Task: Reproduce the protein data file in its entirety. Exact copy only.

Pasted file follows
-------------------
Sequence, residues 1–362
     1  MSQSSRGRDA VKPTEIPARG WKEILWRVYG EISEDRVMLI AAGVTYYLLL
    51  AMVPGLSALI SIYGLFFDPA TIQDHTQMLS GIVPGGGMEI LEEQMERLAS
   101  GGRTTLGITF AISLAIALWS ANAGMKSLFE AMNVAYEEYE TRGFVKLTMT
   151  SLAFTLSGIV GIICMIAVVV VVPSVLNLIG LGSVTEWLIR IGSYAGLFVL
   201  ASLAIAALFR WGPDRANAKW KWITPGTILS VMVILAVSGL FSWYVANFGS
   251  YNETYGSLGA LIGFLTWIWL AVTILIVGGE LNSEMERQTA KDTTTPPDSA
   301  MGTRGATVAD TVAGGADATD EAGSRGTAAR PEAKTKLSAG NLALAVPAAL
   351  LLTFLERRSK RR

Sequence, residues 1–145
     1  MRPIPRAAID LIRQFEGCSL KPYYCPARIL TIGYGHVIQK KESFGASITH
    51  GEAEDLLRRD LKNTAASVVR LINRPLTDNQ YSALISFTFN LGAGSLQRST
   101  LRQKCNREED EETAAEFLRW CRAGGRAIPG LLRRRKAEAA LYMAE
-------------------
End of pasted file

Sequence, residues 1–362
     1  MSQSSRGRDA VKPTEIPARG WKEILWRVYG EISEDRVMLI AAGVTYYLLL
    51  AMVPGLSALI SIYGLFFDPA TIQDHTQMLS GIVPGGGMEI LEEQMERLAS
   101  GGRTTLGITF AISLAIALWS ANAGMKSLFE AMNVAYEEYE TRGFVKLTMT
   151  SLAFTLSGIV GIICMIAVVV VVPSVLNLIG LGSVTEWLIR IGSYAGLFVL
   201  ASLAIAALFR WGPDRANAKW KWITPGTILS VMVILAVSGL FSWYVANFGS
   251  YNETYGSLGA LIGFLTWIWL AVTILIVGGE LNSEMERQTA KDTTTPPDSA
   301  MGTRGATVAD TVAGGADATD EAGSRGTAAR PEAKTKLSAG NLALAVPAAL
   351  LLTFLERRSK RR

Sequence, residues 1–145
     1  MRPIPRAAID LIRQFEGCSL KPYYCPARIL TIGYGHVIQK KESFGASITH
    51  GEAEDLLRRD LKNTAASVVR LINRPLTDNQ YSALISFTFN LGAGSLQRST
   101  LRQKCNREED EETAAEFLRW CRAGGRAIPG LLRRRKAEAA LYMAE